On Dec. 4, the World Wildlife Fund (WWF) and the National Geographic Society hosted the annual WWF Fuller Symposium, a day-long event highlighting key challenges and opportunities in conservation science. This year’s symposium focused specifically on the emerging use of behavioral science in conservation. Throughout the day, speakers shared insights on how behavioral science could be used to connect broad audiences to important issues in species and habitat conservation as well as to increase the adoption of conservation practices around the globe.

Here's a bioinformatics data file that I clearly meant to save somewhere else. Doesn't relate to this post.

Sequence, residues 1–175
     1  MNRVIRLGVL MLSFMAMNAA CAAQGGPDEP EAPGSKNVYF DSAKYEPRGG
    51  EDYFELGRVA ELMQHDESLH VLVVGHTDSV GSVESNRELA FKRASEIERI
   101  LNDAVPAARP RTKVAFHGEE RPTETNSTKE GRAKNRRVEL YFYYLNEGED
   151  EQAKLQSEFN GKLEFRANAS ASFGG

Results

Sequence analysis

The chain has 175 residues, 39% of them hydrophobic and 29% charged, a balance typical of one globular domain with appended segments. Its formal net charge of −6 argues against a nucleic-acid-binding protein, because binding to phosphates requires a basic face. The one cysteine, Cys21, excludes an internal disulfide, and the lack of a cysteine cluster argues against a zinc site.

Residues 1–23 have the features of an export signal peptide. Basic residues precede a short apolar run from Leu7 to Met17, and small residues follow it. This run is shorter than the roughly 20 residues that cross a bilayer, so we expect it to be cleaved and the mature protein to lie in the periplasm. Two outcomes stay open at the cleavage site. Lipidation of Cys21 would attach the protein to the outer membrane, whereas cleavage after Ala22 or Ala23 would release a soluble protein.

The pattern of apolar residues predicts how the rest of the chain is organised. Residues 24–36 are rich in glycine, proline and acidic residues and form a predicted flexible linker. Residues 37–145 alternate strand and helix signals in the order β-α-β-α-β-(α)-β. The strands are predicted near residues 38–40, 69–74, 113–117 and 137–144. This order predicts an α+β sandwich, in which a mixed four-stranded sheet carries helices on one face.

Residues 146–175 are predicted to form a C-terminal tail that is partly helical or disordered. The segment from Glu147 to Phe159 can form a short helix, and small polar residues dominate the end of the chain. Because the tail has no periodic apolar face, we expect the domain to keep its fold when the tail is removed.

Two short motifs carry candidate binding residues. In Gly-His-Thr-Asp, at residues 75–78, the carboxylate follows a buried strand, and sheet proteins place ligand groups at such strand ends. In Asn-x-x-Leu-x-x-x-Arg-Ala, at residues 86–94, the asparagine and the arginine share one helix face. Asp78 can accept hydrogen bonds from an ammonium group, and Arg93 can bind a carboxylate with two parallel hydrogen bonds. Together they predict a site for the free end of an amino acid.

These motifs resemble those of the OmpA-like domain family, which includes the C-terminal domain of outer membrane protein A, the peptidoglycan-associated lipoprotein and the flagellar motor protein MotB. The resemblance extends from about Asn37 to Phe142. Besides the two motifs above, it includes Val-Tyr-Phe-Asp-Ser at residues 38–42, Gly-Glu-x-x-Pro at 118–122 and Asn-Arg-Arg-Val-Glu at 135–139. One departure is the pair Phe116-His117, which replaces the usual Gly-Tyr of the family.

Speakers in the morning session, including Sarilani Wirawan, implementation director for the Indonesia Program at the global conservation organization Rare, highlighted the importance of incorporating behavioral insights into community outreach in order to increase the implementation of conservation practices. Wirawan underscored this point by walking the audience through Rare’s efforts to sustainably manage fisheries in Indonesia by working with local communities to develop plans to transition from open-access fisheries to a managed-access system. Her takeaway from this effort was that: